To keep things balanced (and safe for play), you can balance oversized with undersized or more fitted looks. Like wearing an oversized cardigan with a fitted or cropped muscle tee and shorts.
4 | LAYERING
Layering is a big trend, and it’s more than just a classic fitting cardigan over an A-line dress. Combine multiple layers of different textures and fabric thicknesses together. Think collared shirts worn under an oversized sweatshirt. Long sleeve sweatshirts or tees underneath short-sleeve T-shirts. Or a chunky knit cardigan worn over bib overalls.
5 | CHUNKY KNITS
Chunky knit sweaters, in a loose or oversized fit, are popular. You can find them in more nature inspired hues on sites like Jamie Kay or Fin & Vince. Chevron prints, bright colors, and whimsical-yet-loud prints.
6 | QUILTED JACKETS
Quilted jackets, and quilted vests and quilted tops and other quilted garments, are in. It’s a fun way to add some dimension to kids’ clothing that comes in cleaner lines and more sedate colors. And the trend isn’t just for little girls – it’s for babes and kids of all ages and genders.
7 | MINIMALIST
Clean, simple lines are in. Minimalism has always been an adult aesthetic, but now there are lots of pared down options for toddler girls and boys too. Plain simple cuts in neutral tones. Without loud colors or prints, or embellishments like lace and sequin, the emphasis is on quality, structure, and silhouette with exceptional tailoring or stitching.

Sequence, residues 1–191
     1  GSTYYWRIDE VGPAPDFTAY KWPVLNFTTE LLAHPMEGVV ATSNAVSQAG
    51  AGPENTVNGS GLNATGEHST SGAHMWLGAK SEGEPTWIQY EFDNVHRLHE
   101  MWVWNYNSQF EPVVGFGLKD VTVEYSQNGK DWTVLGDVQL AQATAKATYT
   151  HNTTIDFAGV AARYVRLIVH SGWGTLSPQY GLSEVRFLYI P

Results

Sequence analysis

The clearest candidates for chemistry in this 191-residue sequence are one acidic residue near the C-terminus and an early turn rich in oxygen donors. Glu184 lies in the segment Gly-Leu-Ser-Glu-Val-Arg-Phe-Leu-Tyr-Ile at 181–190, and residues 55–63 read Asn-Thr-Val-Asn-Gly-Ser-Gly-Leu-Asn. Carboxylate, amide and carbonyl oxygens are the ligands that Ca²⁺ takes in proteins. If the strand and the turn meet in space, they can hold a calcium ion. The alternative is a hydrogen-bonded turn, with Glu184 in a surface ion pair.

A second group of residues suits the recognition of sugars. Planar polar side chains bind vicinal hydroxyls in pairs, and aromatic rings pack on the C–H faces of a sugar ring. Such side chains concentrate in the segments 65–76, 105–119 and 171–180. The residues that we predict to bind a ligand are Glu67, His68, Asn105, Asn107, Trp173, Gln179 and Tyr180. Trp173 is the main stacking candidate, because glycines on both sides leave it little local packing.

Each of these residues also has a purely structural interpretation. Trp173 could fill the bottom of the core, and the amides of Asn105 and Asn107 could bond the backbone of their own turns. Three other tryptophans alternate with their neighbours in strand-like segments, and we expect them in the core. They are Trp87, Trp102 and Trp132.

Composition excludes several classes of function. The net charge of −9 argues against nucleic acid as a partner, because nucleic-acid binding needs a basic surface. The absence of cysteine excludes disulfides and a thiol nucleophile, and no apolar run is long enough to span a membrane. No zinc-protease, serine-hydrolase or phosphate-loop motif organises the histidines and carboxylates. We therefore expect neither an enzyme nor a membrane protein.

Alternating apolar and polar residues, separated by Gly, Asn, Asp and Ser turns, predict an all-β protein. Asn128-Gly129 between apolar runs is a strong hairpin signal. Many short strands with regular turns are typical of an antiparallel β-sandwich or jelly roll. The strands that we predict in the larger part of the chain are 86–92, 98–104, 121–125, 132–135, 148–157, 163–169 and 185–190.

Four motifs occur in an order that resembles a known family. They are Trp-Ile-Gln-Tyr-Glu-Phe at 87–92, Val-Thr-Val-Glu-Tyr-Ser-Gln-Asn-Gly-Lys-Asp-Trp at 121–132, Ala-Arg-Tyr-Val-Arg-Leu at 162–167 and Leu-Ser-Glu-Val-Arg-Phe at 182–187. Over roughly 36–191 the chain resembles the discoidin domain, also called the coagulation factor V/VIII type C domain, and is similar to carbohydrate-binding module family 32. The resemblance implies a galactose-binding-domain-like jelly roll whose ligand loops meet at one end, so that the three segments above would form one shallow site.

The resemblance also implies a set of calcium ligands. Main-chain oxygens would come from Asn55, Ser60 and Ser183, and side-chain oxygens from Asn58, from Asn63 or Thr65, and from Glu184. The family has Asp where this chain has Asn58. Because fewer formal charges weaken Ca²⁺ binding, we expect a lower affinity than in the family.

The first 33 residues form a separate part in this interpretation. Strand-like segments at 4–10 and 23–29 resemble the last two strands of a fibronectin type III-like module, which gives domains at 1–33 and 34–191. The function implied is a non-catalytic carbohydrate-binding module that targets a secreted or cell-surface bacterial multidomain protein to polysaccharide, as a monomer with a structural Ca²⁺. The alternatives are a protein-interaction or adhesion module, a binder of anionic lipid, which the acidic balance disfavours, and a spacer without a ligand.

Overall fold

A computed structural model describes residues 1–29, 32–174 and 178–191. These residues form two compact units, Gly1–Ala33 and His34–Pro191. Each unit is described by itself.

Minimalist clothing can be a bit harder to keep clean (a solid milky white tee shows everything), but they are far more versatile. A simple, clean yet elegant A-line peach cotton dress can be worn anywhere. A lacy little girl dress, with tulle or crinoline, an underskirt, sash, and fussy buttons isn’t going to get much wear.
Where to Shop: Gray Label, Millk, Goumi Kids, Colored Organics, Childhoods, Illoura the Label, Beya Made
8 | TEXTURED
With cute toddler clothes and kid clothes getting more basic in structure and colors shifting to a more monochrome palette, texture is big. Texture is a way to add depth, interest, and a lot of fun to an otherwise somber ensemble.
Trending textures to explore include linen, ribbed, waffle, quilted, crocheted, chunky knit, terrycloth, or muslin.
9 | ECO-CONSCIOUS OR ORGANIC
More and more consumers care about where and how their clothing is made. They’re valuing slower fashion, if not the slow fashion movement. There’s a growing preference for heirloom quality fashion that can be passed down. Many brands, including Alice & Ames and Polarn O. Pyret, will offer you gift cards and incentives to re-sell your used wears on resale apps like Kidizen or ThredUp. They know their clothing is built to last, and offering perks is an attractive value-add. Even fast fashion children’s clothing behemoth, Carter’s, has a spendier organic line called Little Planet.